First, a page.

“could you imagine what world leaders must be thinking seeing this kind of street trash and that we paid for this kind of street ghetto trash to go over there”
“the world must be laughing like mad right now at that we have this kind of street trash in our white house.”
“Wonder when she will have her first abortion.”
“sad isn’t it that we now have ghetto street trash over there representing us in Europe.”
“This disgusting display makes me more and more eager for the revolution.
“They make me sick…. The whole family… mammy, pappy, the free loadin’ mammy-in-law, the misguided chillin’, and especially ‘lil cuz… This is not the America I want representin’ my peeps.”

Other sites have more mixed commentary, some of it quite positive about Malia Obama’s dress, look, and actions. There does seem to be an obsession even then about the way the Obama’s dress. What is it with this obsession with their “fashion”? I do not remember the Bushes getting so much fashion focus? By the way, our own Adia has explored the gendered racism that black women commonly face in her fine new book, Doing Business with Beauty. Check it out.

Apparently protests about these many racist, gendered-racist, and sexist comments got the thread pulled at the free republic site. The free republic had some postings by the infamous Von Brunn who attacked the Holocaust Museum. Something about the Internet allows this explosion of racist thinking from the most extreme forms of the old white racial frame, views once heard mostly by a few street corner extremists or in backstage settings of white friends and relatives. One wonders now just how widespread this commentary is now in the ordinary backstage settings across the country, especially given all the racist incidents we have discussed on this site over the last few years. It may be increasing there and in new organizations, thanks to the echo chamber effects of the Internet. These are issues Jessie has raised in her find new book on cyberracism.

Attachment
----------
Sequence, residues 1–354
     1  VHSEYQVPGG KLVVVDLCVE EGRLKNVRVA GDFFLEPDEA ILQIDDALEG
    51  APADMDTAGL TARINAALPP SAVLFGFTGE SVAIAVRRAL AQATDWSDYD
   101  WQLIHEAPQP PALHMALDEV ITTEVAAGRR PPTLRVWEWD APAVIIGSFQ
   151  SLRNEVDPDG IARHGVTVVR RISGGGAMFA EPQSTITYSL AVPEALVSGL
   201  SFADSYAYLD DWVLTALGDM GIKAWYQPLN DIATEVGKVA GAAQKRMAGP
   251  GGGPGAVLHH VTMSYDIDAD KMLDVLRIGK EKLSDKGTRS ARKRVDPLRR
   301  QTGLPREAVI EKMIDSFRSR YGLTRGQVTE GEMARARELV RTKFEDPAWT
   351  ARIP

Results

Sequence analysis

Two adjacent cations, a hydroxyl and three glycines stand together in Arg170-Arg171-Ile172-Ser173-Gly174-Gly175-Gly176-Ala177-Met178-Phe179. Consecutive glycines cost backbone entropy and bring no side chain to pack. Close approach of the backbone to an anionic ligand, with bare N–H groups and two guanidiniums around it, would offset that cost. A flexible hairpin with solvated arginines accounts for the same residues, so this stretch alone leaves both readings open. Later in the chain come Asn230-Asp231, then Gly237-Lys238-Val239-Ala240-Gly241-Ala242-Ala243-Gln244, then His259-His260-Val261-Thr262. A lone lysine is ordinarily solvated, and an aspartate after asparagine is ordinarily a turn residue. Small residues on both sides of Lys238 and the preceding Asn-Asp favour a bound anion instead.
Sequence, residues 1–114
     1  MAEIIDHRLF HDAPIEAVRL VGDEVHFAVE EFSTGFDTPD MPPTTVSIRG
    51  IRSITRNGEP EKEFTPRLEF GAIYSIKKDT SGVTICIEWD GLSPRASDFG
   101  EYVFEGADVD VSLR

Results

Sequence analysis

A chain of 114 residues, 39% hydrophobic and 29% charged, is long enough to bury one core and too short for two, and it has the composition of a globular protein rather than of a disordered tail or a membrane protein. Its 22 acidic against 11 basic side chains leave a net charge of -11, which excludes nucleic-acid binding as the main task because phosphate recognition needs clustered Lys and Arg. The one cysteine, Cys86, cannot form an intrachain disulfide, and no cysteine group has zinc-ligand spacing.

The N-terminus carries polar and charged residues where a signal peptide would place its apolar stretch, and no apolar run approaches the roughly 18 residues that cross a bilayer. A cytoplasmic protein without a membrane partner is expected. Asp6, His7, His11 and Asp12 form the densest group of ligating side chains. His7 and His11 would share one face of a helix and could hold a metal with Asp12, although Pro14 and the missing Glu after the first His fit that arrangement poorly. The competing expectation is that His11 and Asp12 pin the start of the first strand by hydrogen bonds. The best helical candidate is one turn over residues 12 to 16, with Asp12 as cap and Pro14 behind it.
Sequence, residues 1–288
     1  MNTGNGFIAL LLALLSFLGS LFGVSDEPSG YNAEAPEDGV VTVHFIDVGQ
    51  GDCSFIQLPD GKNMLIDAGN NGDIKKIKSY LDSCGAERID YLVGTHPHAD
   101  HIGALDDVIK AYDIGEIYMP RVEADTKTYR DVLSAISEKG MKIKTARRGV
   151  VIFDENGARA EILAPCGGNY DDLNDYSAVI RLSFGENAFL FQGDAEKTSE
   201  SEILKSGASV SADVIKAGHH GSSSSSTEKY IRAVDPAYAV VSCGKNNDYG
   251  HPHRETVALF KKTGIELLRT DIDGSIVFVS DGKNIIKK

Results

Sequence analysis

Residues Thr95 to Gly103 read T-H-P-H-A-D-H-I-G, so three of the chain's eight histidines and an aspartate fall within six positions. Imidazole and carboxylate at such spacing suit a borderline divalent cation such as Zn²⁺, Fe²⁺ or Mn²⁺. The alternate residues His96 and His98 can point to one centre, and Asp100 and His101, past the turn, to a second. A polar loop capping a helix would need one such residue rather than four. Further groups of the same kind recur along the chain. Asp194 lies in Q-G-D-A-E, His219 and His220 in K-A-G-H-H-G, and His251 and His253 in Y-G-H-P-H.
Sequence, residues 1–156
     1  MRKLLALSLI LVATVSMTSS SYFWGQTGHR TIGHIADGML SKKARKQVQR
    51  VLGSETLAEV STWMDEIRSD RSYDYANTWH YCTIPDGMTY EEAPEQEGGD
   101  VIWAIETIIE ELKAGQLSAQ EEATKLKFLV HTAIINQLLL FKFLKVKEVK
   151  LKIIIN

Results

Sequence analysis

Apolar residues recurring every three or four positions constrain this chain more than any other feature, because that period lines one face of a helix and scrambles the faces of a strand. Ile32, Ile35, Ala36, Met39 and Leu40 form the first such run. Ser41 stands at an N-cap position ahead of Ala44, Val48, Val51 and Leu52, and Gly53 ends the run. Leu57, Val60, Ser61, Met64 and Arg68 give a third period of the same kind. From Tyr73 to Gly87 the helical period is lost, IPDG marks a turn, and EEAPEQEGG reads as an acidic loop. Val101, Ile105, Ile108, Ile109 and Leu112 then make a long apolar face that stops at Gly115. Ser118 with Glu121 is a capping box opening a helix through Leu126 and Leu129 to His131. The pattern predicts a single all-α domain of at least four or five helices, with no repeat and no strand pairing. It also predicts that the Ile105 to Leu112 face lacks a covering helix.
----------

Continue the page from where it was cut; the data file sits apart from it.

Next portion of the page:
UPDATE:

On Saturday Malia and Sasha Obama, with their parents, visited a major slave castle Cape Coast, Ghana, which was the headquarters for the British slave trade on Africa’s Gold Coast. MSNBC reports it thus:

Inside the whitewashed fortress, the first family got a tour of the oven-like brick dungeons where slaves were crammed as they awaited their fate. The Obamas walked through the “Door of No Return” — the gateway through which thousands passed to ships bound for America — and paused in contemplation, arms around each others backs.

Afterward, the president called the castle “a place of profound sadness.” He told reporters it put him in mind of Buchenwald, the German concentration camp he saw last month — evidence of “the capacity of human beings for great evil.” Yet he also found it inspiring, and hoped Malia and Sasha would grasp its import. “It is here where the journey of much of the African-American experience began,” he said.

One can only imagine what impact this trip to the slave castle had on these black children. It was likely traumatic. It certainly was for their father.

I wonder if the conservative websites will probe that issue of impact and of Anglo-American slavery as deeply as they did Malia’s shirt and hair?